Map Oxbridge Applications, 14 – 16 Waterloo Place, London, SW1Y 4AR

The added hour of sleep gifted to us this weekend was no doubt welcomed by you all. It was first introduced in the UK in 1916 due to the work of the then late William Willett as it better aligns our time with the natural daylight hours in which the sun is up during the winter. This arbitrary adjust of time highlights the nature of time as a social construct that is maintained by us for convenience and social interaction.

The history of unified time begins with the Greenwich Mean Time (GMT) in the 19th-century to allow for the creation of train timetables in the UK. This led to time zones across the globe to help with trade and navigation. But the drawing up of time zones appears at time to be quite random and has even been politicised. Spain occupies the same longitudes as the UK, yet it is one hour ahead on European time. This was adopted in World War II during the Franco regime as a display of their political alignment with Germany and this has simply remained.

The measurement of time to align with the sun goes back much further than this with the use of sundials and the most accurate example of this are meridian sundials. These sundials are a fine line across which the sunlight will cross exactly at the solar noon. These were used to set manual clocks to for local time. But this measurement is inaccurate as the sundial relies upon the speed of the sun’s movement across the sky to be constant. This is untrue due to the Earth being in an elliptical orbit and the tilt of the Earth’s axis.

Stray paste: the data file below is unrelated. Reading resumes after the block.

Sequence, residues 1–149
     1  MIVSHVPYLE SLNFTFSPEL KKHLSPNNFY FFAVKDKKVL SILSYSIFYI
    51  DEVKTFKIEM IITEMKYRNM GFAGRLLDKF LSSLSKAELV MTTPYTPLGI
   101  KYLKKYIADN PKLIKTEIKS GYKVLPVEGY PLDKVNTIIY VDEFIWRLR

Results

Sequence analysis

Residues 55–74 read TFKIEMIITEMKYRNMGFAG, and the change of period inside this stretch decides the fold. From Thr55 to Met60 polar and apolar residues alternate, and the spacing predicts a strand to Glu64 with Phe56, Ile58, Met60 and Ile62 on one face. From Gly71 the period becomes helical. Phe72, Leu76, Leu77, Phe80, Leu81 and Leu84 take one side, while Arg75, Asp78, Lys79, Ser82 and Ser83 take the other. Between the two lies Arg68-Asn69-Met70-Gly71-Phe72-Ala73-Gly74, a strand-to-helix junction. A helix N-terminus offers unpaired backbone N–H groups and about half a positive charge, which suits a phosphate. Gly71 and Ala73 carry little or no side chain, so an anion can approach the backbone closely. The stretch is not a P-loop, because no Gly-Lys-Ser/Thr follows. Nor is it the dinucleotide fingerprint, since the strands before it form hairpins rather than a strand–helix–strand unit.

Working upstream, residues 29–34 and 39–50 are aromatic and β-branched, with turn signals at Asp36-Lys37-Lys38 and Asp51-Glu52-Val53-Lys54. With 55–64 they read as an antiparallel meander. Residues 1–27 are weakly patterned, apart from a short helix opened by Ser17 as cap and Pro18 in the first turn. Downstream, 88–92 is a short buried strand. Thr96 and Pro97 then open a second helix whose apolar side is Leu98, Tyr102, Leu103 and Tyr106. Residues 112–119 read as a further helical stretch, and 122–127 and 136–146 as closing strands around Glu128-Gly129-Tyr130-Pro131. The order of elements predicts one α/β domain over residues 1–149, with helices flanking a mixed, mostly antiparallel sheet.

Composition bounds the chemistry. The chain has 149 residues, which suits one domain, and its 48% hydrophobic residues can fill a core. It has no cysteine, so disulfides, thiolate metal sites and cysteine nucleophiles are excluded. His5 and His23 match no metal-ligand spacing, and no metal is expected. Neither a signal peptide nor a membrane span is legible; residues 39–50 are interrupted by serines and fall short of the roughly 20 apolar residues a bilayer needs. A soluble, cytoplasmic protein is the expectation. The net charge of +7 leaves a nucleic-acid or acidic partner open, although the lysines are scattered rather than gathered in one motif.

The current most accurate form of time keeping are atomic clocks that use the repeating signal of electrons in atoms emitted when they change energy levels. But even this is not perfect and scientists at the International Earth Rotation and Reference Systems Service still look to the sky at distant quasars and calculate their position to determine the adjusts needed to our time in order to maintain its alignment with natural daylight, which they do with ‘leap seconds’.

Physics applicants can study the calculations required to recognise changes in distant quasars placement in the sky. HSPS and Philosophy students can consider the social purpose of time and the need for accuracy in modern society.

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Our Oxbridge-graduate consultants are available between 9.00 am – 5.00 pm from Monday to Friday, with additional evening availability when requested.

Oxbridge Applications, 14 – 16 Waterloo Place, London, SW1Y 4AR

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